How Love and Good-Heartedness Make LGBT Conversion Therapy so Terrifying
What if I told you that the people that perform conversion therapy on LGBT people are kind, genuine, generous and believe, whole-heartedly, that they’re doing the right thing?
Would it make you reconsider an issue that is emotionally charged, that the Select Committee, only a few months ago, wouldn’t ban under the guise of Religious Freedom?
Gay conversion or “praying the gay away” started to become popular in the mid-late 90s with the writings of Leanne Payne and her 70 page manifesto Healing Homosexuality. While a lot has changed in the decades since the mid 90s, the subversive nature of conversion therapy hasn’t and, in a lot of cases, it’s been pushed deeper underground and out to the fringes.
Praying the Gay Away
A quick Google for conversion therapy in New Zealand brings up scant opportunities to get involved or to participate. But that, says Jim Marjoram, founder of Silent Gays, former OUTLine counsellor and someone that has experienced and lead conversion therapy sessions (at Living Waters in the 70s) says that is by design.
“It’s always been under the radar,” Marjoram says, on the phone. “I only heard of it through a church leader or pastor I was involved with back in the 90s and he said, these guys are great, go and talk to them. It’s never been common knowledge up until recent years when it hit the media. It’s always been a real insidious thing…If you were brought up in a secular household, you probably wouldn’t have any idea about it.”
Is conversion therapy a personal choice issue, a social issue or a religious issue? Does it deserve to hide behind religious freedoms, making it essentially untouchable?
Vicar Helen Jacobi, of St Matthew’s Church in Auckland Central, has a few choice words for the Select Committee and some answers to those questions. St Matthew’s, she says, proudly is very liberal when it comes to social and LGBT issues (she was, in fact, the only church member approached for this article that agreed to an interview).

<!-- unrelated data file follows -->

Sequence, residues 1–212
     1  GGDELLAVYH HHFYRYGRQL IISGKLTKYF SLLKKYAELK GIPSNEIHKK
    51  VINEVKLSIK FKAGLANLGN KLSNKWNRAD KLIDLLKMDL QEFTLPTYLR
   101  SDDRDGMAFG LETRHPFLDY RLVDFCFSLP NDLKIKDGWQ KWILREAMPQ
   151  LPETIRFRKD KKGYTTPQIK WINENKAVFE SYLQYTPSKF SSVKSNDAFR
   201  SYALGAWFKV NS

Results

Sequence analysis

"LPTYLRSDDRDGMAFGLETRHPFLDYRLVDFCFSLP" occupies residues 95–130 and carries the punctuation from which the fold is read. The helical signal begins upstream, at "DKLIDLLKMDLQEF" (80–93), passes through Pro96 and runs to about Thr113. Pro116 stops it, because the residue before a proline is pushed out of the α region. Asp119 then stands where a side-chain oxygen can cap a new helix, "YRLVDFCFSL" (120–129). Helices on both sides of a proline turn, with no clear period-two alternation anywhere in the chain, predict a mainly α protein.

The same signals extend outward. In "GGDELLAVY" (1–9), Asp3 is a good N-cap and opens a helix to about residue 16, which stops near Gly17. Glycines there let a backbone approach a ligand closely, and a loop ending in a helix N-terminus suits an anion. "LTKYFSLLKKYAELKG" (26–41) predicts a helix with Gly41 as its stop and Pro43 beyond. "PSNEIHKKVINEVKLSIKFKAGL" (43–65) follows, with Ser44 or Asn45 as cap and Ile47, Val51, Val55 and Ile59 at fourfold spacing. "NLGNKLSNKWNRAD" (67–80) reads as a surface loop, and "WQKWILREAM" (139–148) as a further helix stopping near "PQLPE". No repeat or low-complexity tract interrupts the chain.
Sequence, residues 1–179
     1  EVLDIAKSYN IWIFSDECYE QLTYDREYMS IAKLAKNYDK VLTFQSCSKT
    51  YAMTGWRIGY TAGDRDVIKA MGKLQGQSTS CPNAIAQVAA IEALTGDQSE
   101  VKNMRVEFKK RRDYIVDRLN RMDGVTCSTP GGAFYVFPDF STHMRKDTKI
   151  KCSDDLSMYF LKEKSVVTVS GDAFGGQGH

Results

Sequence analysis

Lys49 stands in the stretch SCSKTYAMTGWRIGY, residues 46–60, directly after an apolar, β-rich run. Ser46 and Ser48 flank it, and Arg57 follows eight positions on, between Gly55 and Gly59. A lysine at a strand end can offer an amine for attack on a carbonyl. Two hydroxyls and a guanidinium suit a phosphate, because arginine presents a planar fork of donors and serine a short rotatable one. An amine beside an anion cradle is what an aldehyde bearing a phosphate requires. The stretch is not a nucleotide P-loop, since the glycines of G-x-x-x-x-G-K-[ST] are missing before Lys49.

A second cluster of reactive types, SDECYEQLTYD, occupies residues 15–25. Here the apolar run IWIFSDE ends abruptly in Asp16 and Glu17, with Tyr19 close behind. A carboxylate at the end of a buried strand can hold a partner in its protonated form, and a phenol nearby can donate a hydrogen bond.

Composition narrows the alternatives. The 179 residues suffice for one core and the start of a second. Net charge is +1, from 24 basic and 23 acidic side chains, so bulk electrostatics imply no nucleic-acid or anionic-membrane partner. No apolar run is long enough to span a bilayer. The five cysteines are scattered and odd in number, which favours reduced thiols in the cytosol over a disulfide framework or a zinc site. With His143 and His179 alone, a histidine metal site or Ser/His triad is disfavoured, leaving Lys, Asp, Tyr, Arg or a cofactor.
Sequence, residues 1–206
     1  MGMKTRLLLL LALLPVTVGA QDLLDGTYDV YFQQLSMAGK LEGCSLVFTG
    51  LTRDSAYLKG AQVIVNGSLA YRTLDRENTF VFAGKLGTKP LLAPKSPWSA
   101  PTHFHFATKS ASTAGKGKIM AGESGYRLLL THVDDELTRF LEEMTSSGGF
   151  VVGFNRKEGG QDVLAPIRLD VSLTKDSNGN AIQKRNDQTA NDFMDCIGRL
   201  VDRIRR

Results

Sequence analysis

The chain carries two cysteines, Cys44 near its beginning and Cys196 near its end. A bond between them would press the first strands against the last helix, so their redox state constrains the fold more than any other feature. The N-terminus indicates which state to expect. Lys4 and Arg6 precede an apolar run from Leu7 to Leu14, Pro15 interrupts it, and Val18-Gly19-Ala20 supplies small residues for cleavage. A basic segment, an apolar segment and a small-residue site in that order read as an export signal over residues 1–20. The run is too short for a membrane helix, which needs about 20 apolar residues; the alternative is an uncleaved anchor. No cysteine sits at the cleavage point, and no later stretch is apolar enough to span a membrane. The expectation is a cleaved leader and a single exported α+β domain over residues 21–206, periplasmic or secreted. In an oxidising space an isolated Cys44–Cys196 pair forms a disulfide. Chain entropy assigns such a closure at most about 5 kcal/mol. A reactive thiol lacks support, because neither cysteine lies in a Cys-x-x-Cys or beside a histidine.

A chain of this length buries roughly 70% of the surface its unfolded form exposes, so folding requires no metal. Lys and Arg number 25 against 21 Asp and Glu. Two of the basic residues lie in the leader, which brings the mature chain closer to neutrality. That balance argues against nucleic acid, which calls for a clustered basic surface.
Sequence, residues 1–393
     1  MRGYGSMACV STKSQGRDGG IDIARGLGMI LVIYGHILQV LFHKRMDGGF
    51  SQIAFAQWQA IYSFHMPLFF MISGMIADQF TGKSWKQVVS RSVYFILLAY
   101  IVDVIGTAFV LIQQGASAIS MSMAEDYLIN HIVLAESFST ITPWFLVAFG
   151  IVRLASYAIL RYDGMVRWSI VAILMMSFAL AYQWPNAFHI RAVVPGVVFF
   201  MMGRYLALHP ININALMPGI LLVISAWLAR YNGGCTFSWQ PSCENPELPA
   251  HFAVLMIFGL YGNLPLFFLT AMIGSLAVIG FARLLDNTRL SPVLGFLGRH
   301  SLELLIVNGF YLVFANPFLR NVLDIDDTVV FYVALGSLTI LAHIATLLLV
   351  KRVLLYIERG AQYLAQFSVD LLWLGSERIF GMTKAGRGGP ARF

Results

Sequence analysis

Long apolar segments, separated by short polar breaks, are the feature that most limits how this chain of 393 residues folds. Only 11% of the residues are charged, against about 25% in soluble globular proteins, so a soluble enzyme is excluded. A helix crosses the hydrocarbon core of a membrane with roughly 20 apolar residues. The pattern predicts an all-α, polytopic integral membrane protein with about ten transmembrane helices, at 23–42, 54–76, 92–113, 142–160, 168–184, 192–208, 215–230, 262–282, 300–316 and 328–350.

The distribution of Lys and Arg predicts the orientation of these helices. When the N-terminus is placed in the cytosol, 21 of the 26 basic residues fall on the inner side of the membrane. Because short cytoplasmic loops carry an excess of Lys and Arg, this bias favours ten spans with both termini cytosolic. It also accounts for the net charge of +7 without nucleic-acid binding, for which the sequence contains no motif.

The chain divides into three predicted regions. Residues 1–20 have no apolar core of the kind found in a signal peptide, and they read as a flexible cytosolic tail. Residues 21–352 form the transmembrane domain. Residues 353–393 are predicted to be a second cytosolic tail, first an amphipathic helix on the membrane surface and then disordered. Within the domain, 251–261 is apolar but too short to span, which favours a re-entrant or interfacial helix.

“I find that opinion really puzzling,” Vicar Jacobi says of the Select Committee decision. “I haven’t read in depth what they’ve said but, from what I understand, they said it’s to do with religious freedom but I would call [conversion therapy] religious oppression. You can’t hide behind religious beliefs when it’s something that’s hurting other people. That is totally illogical. We always try and separate out terrorism from religion. We don’t say, you can be a terrorist because it’s your religious belief, because that is clearly illogical and this is the same, it’s completely illogical. How can you have something that’s a religious belief that is hurting other people?”
Vicar Jacobi categorically says that conversion therapy does not take place in the Anglican Church in New Zealand and is unclear about how much of an issue conversion therapy is here. Though she does say, agreeing with Marjoram, that it seems to be most prolific in the more conservative churches.
“There are obviously still pockets of it going on but it’s only going to be in the very extreme churches….I’d be extremely surprised if there was anything happening in the Anglican Church…I think it’s going to be pockets in the very conservative — what we would consider extreme — but certainly not in the mainstream.”